Yet so far the emphasis in cognitive narrative studies has remained primarily on works dating from the Victorian period or later, with most works focussed on a relatively small number of modernist or postmodernist works. Even such exceptional studies as Herman’s edited collection The Emergence of Mind, with essays chronologically spanning studies of works from 700 on, only becomes more expansive in its exploration of the variety of forms of representation of mind in narrative in the essays on works dating from the later periods.
The History of Distributed Cognition project offers the possibility to expand the diachronic range of the study of narrative from this perspective, starting with the dawn of Western storytelling in ancient Greece and moving up to the present day. In turn, the new methods and concepts in narrative studies promise to contribute to understandings of texts’ historically situated notions of distributed cognition.
A number of scholars working on, or with an interest in, narratological approaches will be joining us for the four workshops: 1) From Early Greece to Late Antiquity; 2) From Medieval to Renaissance Culture; 3) From the Enlightenment to Romanticism; 4) From Victorian Culture to Modernism. In addition, the following e-seminars are now openly available online on our website along with learning resources:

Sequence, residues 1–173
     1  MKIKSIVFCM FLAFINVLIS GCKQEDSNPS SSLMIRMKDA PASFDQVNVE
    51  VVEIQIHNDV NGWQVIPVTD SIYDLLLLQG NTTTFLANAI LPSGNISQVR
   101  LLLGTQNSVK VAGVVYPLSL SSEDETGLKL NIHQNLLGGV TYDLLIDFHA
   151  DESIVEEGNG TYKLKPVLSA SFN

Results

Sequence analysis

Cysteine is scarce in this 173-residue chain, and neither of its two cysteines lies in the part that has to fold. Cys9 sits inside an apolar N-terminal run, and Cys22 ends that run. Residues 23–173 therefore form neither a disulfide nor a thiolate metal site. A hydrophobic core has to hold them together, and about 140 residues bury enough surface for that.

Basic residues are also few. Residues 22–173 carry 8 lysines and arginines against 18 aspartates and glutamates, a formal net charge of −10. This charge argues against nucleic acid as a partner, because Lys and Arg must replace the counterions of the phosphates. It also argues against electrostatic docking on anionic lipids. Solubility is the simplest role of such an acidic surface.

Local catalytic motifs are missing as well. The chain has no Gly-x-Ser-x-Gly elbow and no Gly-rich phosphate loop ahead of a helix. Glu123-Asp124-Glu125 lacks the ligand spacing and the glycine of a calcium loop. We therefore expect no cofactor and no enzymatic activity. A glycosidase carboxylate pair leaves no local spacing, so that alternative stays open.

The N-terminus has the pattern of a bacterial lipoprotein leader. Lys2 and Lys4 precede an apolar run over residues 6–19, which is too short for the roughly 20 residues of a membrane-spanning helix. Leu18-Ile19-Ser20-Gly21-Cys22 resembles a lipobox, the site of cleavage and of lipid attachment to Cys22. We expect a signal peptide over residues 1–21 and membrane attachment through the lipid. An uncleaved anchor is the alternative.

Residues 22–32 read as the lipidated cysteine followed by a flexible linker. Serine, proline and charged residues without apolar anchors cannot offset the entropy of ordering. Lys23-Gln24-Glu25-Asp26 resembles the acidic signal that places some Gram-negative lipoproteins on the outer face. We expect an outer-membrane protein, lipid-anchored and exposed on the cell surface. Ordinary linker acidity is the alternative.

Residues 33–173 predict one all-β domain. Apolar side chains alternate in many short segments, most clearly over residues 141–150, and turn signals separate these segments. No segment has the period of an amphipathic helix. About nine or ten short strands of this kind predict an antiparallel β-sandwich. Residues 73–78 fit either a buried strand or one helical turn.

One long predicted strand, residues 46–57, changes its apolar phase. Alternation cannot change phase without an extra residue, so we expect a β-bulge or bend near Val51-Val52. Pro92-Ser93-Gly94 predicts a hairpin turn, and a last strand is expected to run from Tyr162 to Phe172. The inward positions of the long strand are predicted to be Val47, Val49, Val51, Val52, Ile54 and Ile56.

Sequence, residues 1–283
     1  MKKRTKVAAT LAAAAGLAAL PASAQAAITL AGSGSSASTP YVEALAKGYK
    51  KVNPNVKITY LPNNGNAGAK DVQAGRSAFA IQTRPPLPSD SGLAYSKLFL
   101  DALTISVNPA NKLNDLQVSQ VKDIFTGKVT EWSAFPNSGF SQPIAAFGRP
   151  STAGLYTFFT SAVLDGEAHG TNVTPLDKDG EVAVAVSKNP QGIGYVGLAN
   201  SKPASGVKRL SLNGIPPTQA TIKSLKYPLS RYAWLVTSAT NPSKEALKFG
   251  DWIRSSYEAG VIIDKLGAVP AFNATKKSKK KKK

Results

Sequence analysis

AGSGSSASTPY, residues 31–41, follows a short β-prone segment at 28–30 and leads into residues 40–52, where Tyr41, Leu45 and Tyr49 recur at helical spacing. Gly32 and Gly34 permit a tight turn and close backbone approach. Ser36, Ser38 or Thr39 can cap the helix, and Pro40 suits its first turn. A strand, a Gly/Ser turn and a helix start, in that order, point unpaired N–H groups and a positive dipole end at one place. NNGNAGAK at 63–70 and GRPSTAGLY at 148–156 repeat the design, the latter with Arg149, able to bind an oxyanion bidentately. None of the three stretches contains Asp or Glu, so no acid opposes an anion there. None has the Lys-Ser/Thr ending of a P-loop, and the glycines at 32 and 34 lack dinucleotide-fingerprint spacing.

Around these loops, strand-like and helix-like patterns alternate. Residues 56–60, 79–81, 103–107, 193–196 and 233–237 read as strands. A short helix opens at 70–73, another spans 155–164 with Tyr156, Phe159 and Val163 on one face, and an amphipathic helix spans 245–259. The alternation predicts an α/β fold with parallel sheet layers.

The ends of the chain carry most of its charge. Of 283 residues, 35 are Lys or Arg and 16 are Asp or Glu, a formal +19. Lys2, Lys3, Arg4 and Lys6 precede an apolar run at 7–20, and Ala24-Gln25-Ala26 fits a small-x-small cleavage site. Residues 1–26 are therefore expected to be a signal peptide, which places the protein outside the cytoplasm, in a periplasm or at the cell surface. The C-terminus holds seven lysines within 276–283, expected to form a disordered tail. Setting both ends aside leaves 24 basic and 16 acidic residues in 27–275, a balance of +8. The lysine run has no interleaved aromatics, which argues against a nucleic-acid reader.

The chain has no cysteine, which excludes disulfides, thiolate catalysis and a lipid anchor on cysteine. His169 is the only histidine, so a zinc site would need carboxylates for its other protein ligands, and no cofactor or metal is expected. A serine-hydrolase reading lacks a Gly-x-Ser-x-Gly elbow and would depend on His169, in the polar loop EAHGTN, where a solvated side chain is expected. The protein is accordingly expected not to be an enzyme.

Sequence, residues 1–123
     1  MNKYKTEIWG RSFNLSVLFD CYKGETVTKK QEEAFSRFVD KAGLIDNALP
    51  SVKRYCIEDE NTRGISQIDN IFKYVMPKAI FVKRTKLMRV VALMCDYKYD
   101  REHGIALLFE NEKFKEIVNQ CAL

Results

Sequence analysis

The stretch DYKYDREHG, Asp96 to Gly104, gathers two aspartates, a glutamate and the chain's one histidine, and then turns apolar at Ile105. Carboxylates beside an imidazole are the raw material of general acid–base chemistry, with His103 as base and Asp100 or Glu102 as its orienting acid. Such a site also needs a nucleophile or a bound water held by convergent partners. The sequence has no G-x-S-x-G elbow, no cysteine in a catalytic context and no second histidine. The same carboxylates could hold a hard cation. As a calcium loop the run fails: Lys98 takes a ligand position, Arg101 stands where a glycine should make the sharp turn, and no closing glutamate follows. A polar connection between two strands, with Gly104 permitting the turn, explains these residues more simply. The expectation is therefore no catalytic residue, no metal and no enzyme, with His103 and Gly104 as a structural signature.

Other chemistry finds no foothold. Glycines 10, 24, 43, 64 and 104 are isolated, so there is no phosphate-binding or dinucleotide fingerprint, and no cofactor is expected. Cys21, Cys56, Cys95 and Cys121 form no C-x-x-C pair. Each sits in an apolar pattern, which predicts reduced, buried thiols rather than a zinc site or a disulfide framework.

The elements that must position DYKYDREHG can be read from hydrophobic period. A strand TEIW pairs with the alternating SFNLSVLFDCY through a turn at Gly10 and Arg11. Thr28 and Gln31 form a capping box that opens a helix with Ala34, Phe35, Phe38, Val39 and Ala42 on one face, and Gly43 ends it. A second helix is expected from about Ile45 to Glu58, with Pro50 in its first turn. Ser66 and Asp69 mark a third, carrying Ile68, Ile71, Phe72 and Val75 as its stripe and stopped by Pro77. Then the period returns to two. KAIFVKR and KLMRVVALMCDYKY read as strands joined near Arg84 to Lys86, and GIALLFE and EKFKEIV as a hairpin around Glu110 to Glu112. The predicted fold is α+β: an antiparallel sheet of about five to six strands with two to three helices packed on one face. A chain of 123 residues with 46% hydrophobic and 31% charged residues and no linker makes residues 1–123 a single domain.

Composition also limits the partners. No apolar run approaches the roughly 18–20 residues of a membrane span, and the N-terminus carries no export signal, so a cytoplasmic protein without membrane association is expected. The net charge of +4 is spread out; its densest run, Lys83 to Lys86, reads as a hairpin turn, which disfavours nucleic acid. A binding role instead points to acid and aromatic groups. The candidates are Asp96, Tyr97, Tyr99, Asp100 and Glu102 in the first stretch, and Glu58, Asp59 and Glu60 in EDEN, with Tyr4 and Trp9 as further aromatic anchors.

1. ‘Distributed Cognition in the Continental & Analytical Traditions’, Prof Michael Wheeler
2. ‘Embodied Cognition’, Prof Shaun Gallagher
3. ‘The Extended Mind’, Prof Andy Clark
4. ‘Enactivism’, Dr Dave Ward
5. ‘Memory as a Test Case for Distributed Cognition’, Prof John Sutton
6. ‘Emotions in the Body and World’, Prof Giovanna Colombetti
7. ‘The Phenomenological We’, Prof Dan Zahavi
8: ‘Group Minds’, Prof Deborah Tollefsen
For updates of other events, you can find us on Twitter @HDCProject
or send queries to Miranda.Anderson(at)ed.ac.uk
A History of Distributed Cognition
Home page: www.hdc.ed.ac.uk